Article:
Fortune, mania, genius, philanthropy the bestselling author of Mountains Beyond Mountains gives us the inspiring story of Paul English, the founder of Kayak.com and Lola. Read more...
- [-] Other Available FormatsOur PriceNew & Used MarketplaceA Truck Full of Money (Audio Compact Disc - Unabridged)
Publisher: Random House Audio Publishing Group$40.00
Fortune, mania, genius, philanthropy the bestselling author of Mountains Beyond Mountains gives us the inspiring story of Paul English, the founder of Kayak.com and Lola.
Tracy Kidder, the master of the nonfiction narrative (The Baltimore Sun) and author of the bestselling classic The Soul of a New Machine, now tells the story of Paul English, a kinetic and unconventional inventor and entrepreneur, who as a boy rebelled against authority. Growing up in working-class Boston, English discovers a medium for his talents the first time he sees a computer. As a young man, despite suffering from what would eventually be diagnosed as bipolar disorder, he begins his pilgrim s journey through the ups and downs in the brave new world of computers. Relating to the Internet as if it s an extension of his own mind, he discovers that he has a talent for conceiving innovative enterprises and building teams that can develop them, becoming a Pied Piper of geeks. His innovative management style, success, and innate sense of fair play inspire intense loyalty. Early on, one colleague observes: Someday this boy s going to get hit by a truck full of money, and I m going to be standing beside him. Yet when English does indeed make a fortune, when the travel website Kayak is sold for almost two billion dollars the first thing he thinks about is how to give the money away: What else would you do with it? The second thing he thinks is, What s next?
With the power of a consummate storyteller, Tracy Kidder casts a fresh, critical, and often humorous eye on the way new ideas and new money are reshaping our culture and the world. A Truck Full of Money is a mesmerizing portrait of an irresistibly endearing man who is indefatigable, original, and as unpredictable as America itself.
Praise for A Truck Full of Money
Kidder s prose glides with a figure skater s ease, but without the glam. His is a seemingly artless art, like John McPhee s, that conceals itself in sentences that are necessary, economical, and unpretentious. The Boston Globe
Kidder s portrayal of living with manic depression is as nuanced and intimate as a reader might ever expect to get. . . . You can t help admiring Mr. English and cheering for him. The New York Times
A] powerful and insightful tale that makes the Internet era entertaining, and defines English as an endearing, generous and eccentric geek. USA Today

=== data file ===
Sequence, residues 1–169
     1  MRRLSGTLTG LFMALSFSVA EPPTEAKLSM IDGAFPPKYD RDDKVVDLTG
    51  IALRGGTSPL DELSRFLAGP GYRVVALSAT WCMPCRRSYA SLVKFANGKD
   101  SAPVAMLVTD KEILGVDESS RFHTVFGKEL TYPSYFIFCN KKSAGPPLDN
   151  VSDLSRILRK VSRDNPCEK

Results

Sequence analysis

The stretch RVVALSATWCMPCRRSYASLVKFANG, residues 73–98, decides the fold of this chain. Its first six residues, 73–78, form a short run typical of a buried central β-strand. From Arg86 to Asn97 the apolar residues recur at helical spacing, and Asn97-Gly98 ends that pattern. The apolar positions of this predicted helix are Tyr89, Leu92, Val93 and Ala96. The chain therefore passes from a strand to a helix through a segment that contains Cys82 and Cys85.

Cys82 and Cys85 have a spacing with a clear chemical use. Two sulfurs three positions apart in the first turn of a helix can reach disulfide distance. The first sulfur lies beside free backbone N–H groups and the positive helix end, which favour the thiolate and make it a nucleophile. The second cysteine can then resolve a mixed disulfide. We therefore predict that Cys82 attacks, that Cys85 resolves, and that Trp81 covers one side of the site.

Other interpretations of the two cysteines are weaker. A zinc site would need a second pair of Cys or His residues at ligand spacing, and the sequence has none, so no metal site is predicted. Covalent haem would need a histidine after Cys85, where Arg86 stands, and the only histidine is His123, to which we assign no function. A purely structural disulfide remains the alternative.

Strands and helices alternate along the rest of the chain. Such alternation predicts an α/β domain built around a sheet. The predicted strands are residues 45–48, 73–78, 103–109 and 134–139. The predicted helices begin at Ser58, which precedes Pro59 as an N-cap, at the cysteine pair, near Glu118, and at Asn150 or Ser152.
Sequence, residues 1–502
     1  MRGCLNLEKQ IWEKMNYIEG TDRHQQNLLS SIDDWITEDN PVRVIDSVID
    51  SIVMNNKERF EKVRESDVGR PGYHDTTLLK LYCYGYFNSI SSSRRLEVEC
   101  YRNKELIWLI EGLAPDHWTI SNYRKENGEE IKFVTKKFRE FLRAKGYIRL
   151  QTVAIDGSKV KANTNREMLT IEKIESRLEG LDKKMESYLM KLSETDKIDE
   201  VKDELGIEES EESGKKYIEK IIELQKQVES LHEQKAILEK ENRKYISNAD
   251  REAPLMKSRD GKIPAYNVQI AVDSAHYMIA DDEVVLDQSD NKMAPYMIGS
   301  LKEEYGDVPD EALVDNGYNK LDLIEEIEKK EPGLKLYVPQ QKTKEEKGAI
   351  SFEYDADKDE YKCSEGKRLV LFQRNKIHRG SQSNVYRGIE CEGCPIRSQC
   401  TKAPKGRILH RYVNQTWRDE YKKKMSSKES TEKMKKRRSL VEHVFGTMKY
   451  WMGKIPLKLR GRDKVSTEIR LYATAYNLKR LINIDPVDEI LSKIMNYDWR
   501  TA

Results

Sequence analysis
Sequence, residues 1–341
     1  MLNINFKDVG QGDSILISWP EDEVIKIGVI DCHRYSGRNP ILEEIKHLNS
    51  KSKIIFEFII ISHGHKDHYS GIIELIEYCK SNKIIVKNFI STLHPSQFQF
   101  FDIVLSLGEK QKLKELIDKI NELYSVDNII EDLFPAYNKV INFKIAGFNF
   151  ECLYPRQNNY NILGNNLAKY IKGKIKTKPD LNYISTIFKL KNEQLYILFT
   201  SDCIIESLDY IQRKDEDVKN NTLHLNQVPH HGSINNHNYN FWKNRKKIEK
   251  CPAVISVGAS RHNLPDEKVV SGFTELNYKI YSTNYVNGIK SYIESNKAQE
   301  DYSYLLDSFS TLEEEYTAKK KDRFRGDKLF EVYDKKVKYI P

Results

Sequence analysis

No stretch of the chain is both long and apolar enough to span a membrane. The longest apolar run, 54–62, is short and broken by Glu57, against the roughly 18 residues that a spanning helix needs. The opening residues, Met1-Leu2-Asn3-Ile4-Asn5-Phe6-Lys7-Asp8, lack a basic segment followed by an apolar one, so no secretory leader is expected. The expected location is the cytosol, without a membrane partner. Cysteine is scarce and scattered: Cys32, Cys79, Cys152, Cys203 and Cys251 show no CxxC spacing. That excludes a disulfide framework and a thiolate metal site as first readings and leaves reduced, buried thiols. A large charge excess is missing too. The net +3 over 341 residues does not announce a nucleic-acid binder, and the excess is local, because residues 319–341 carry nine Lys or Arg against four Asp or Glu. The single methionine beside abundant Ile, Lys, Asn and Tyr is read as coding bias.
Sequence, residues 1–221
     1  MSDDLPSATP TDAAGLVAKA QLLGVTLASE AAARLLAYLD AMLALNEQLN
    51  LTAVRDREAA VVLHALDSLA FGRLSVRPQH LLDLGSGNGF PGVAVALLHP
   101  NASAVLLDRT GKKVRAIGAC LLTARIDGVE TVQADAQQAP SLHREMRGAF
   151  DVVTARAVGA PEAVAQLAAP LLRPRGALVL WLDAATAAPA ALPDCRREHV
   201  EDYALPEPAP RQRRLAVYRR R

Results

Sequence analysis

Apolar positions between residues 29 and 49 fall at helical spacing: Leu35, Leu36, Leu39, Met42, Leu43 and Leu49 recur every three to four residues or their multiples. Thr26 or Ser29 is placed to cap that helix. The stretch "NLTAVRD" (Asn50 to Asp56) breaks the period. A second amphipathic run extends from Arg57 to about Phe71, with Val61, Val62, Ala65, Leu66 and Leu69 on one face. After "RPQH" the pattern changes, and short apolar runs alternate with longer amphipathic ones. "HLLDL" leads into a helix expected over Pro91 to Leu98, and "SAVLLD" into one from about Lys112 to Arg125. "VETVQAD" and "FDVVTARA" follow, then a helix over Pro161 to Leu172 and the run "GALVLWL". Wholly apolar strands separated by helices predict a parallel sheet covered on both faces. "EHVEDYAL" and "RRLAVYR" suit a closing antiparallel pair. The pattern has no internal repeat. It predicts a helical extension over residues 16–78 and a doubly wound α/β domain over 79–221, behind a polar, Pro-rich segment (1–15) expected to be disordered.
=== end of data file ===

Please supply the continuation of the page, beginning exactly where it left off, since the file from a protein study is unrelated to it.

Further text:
At times, the narrative of the young technologist, at least in Kidder s hands, seems the modern equivalent of the story of the godless wayfarer who stumbles into a cathedral in a distant city, only to find that its vaulting arches and organ music bring on exaltations of mind and spirit. The New York Times Book Review
What kind of entrepreneur talks about making money as if it s, well, kind of a bummer? You ll ask yourself that question about a dozen or so pages into A Truck Full of Money, Tracy Kidder s expertly reported, deftly written new book that tracks the rise of unconventional software executive and Kayak.com co-founder Paul English. The San Francisco Chronicle
Kidder writes beautifully, creating an engaging storyline while avoiding cliches and pretention. . . . Readers are in for a fascinating ride. The National Book Review"
Publishers Weekly® Reviews
- Reviewed in: Publishers Weekly, page .
- Review Date: 2016-06-13
- Reviewer: Staff
In this fascinating biography, Pulitzer Prize–winning author Kidder (Mountains Beyond Mountains) chronicles the life and complex personality of Paul English, founder of the travel website Kayak. As Kidder recounts, English grew up as one of seven children in a blue-collar Boston family, evincing a mind for computers at the dawn of the digital age. Kidder traces his journey, beginning with his years as a 12-year-old hacker and continuing through a series of professional endeavors, most notably the sale of his first company for $33 million and the founding of Kayak. The story also follows English and team as they work on his latest vision, providing insight into the functioning of venture capital firms and how projects can morph in unexpected ways. Though Kidder is obviously fond of his subject, he also frankly discusses English’s flaws, such as “distractibility” heightened by bipolar disorder, problems with authority, and a general refusal to follow rules. Through English’s story, Kidder poses the question, “Does programming attract strange people, or does it make them strange?” Though English is perhaps not a traditionally inspirational figure, his life story certainly holds lessons for burgeoning entrepreneurs: he’s a philanthropist and master of innovation, and also comes off as remarkably immune to feelings of failure or regret. This is a biography not just of one man, but of an era and of the startup subculture. (Sept.)